Untitled Document
Sands of Gallipoli - Official Site
About Sands
The Collections Media Centre Marketing & Business Centre Keeping The Spirit Alive Community Forum

Artist's Notes; The Battle of Lone Pine

When presented with the Lone Pine project my awareness of the specific campaign was limited. Ironically, my first impressions of the battle were drawn from the fantastic dioramas on display at the Australian War Memorial, Canberra. I vividly recall visiting the Memorial as a child and being completely in awe of the superb miniature models. There was a certain wonderment derived from viewing a small snapshot of history and being drawn into the sense of emotion experienced by those who fought during conflict. Most notably I was fascinated with the scene depicting Australian troops fighting an unseen Turkish force in underground trenches at Lone Pine, Gallipoli. As a child, it was impossible to understand the full consequences of war, however, the miniature battle conveyed all the fear, adrenalin, terror and bravery one could only imagine Australian and Turkish soldiers experienced during hand to hand combat.

It soon became apparent during project planning that the diorama was a highly regarded representation of Lone Pine in terms of known accuracy and campaign detail. I was keen to draw parallels with the model as much as possible and did indeed reference some of the figures within the painting. This was important due to the lack of existing photographic material surrounding the opening battle. Painting historically accurate representations requires a large amount of detail and for this particular work I was fortunate to have assistance and guidance from Brig. Chris Roberts AM, CSC (Rtd). During correspondence there emerged some key factors that needed to be incorporated into the painting including - the distinctive white patches and armbands worn by Australians, unique Turkish trench system, time of attack and terrain. Each of these became determining factors for the overall composition and look of the painting and ultimately helped decide the depicted angle and viewpoint.

The Gallipoli campaign and the facts surrounding the ANZAC landing in April 1915 highlight the incredibly difficult topography including sheer cliff faces and impenetrable ridges. Period photos that do exist suggest Lone Pine was, in contrast, a flat plateau with few distinguishing features. This is not always ideal when attempting to create a dramatic scene and one of the challenges was to draw more interest from the flat environment. Fortunately the low dusk-sun helped to cast dramatic shadows across the scene and it was also possible to include foliage and undulating sections of landscape.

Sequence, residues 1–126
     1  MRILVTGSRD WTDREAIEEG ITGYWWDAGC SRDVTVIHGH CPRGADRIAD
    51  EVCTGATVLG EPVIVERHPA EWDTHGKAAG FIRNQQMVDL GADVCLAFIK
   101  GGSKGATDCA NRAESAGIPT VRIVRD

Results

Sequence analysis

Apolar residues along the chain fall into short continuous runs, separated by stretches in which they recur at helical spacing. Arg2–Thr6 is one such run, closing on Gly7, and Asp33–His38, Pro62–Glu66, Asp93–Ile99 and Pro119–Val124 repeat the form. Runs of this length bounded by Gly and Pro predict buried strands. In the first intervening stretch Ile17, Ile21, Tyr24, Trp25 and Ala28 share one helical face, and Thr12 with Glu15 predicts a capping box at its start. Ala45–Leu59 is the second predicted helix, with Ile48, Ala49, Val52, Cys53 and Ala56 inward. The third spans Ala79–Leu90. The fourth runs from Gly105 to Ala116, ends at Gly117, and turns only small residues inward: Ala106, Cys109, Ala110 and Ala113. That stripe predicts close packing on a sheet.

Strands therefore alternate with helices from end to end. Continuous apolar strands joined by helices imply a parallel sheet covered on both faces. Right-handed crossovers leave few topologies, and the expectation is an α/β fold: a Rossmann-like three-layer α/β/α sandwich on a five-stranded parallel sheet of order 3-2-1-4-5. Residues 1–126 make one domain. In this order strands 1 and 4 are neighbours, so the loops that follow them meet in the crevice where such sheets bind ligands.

Similarly, one of the key identifying features from the initial skirmish was the supremely fortified Turkish frontline trench. As represented in the Memorial model, these were buried defences with a strong, log roof structure and covered completely under a thick layer of earth. With the trenches well camouflaged I was directed to find a way to represent this distinctive feature without making it appear overly obvious. By all accounts the Australians were caught completely by surprise and could only gain access to the trenches via any areas damaged by artillery fire. These latter actions provided the necessary visual key for showing some portion of the covered dugouts. Another source for inspiration was "The taking of Lone Pine" by artist Fred Leist who depicted several troops straining to shift some of the structure. I incorporated a similar action into the painting as homage to Leist's portrayal. For additional drama it was also possible to include a menacing line of Turkish rifles protruding from the narrow defensive slits.

It is not possible to explain my painting process without mentioning a few key influences. In recent times my own painting has been far more contemporary in style with a very clean and crisp realist approach. For the Lone Pine painting it was necessary to re-adopt a style and technique closer to that of my detailed aviation subject matter, while also balancing this with the more open approach of landscape painting. I also sought a lot of guidance from the works of former, and much admired war artists, such as George Lambert and Harold Septimus Power as well as contemporary military artists like Barry Spicer. However, above all others, there is Ivor Hele. His works captured an inherent fluidity, emotion and movement that avoided glorification of war and in my opinion are some of the most honest depictions of human conflict.

I can only hope that my painting of the Lone Pine attack is a requiem to those who served or fell during the battle while providing a sense of combat devoid of over sentimentality.